2. Combined effects of aspirin and vitamin D3 on two OSCC cell lines: a preliminary study.

    Science.gov (United States)

    Xiao, Ting-Ting; Li, Xian; Feng, Jia-Li; Li, Yong

    2018-01-18

    We evaluated the potential effects of aspirin combined with vitamin D3 on cell proliferation and apoptosis in oral cancer cells. Compared to the untreated control or individual drug, the combinations of aspirin and vitamin D3 significantly decreased the rates of cell proliferation by CCK-8 assay, and caused higher rates of cell apoptosis in both CAL-27 and SCC-15 cells by Annexin V-FITC apoptosis assay and flow cytometry. Remarkably, the combined treatment with aspirin and vitamin D3 significantly suppressed the expression of Bcl-2 protein and p-Erk1/2 protein, examined by western blot analysis. Our study demonstrates that aspirin and vitamin D3 have biological activity against two human OSCC cell lines and their activity is synergistic or additive when two drugs used in combination with therapeutic concentrations. The combination of aspirin and vitamin D3 may be an effective approach for inducing cell death in OSCC.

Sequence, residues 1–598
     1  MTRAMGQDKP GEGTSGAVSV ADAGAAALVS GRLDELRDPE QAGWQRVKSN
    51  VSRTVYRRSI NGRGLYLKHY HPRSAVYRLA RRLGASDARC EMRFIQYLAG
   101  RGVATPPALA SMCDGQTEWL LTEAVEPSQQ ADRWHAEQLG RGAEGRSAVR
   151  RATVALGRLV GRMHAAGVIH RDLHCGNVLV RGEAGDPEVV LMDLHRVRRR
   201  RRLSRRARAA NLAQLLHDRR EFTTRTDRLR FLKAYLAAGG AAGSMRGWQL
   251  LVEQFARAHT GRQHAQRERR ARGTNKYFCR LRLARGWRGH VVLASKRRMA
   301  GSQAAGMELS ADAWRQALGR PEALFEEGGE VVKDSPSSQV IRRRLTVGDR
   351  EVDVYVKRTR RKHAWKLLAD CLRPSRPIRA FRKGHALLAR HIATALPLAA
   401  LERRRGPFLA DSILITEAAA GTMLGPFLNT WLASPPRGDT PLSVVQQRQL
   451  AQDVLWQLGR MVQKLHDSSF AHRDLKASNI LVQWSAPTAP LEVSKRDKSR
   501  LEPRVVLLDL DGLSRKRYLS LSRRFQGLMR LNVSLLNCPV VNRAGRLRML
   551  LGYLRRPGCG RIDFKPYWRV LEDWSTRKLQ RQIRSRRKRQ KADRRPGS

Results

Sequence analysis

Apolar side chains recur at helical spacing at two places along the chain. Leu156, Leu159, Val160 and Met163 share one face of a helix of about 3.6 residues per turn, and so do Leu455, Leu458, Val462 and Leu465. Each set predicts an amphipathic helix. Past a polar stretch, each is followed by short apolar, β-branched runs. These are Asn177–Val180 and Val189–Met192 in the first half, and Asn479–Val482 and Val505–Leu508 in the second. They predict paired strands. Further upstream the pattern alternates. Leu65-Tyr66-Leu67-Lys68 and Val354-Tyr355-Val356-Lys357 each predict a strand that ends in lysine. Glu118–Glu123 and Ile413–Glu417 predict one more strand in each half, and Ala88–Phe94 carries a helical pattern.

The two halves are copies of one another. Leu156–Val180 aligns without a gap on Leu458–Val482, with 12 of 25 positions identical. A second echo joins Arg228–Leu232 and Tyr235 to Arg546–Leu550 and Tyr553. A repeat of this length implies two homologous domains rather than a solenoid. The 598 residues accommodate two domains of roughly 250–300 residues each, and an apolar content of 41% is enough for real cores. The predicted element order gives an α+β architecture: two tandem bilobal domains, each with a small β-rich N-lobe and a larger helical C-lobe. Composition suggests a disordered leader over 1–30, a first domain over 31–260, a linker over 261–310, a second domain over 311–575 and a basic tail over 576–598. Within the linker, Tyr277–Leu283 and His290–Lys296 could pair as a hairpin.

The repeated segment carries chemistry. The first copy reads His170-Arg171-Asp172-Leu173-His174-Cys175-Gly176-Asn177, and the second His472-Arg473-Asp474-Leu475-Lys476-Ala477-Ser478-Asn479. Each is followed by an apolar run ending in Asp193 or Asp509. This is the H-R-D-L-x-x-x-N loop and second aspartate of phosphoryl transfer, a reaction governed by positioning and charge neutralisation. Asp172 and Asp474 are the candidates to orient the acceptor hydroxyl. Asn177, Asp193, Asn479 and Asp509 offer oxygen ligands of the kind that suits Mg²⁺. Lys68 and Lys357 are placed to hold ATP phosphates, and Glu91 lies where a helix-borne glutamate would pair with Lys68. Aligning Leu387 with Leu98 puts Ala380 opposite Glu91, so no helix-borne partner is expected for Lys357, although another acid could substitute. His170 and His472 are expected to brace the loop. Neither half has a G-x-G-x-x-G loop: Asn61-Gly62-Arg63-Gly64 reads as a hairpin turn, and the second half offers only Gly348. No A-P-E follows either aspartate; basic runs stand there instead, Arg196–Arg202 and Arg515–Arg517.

3. Current Knowledge and Management of Hypersensitivity to Aspirin and NSAIDs.

    Science.gov (United States)

    Laidlaw, Tanya M; Cahill, Katherine N

    Aspirin and nonsteroidal anti-inflammatory drugs (NSAIDs) are some of the most common culprits of drug-induced hypersensitivity reactions, and can lead to a wide array of adverse effects. The accurate and timely diagnosis of aspirin and NSAID-induced hypersensitivity reactions is important for both patient safety and for the initiation of appropriate disease-specific management and treatment. Because there are no reliably validated in vitro tests available, aspirin and NSAID challenges are considered to be the criterion standard for the diagnosis of these hypersensitivity reactions, though in some patients the diagnosis can be made on the basis of a clear clinical history. Copyright © 2017 American Academy of Allergy, Asthma & Immunology. Published by Elsevier Inc. All rights reserved.

  4. Epidural Hematoma Following Interlaminar Epidural Injection in Patient Taking Aspirin.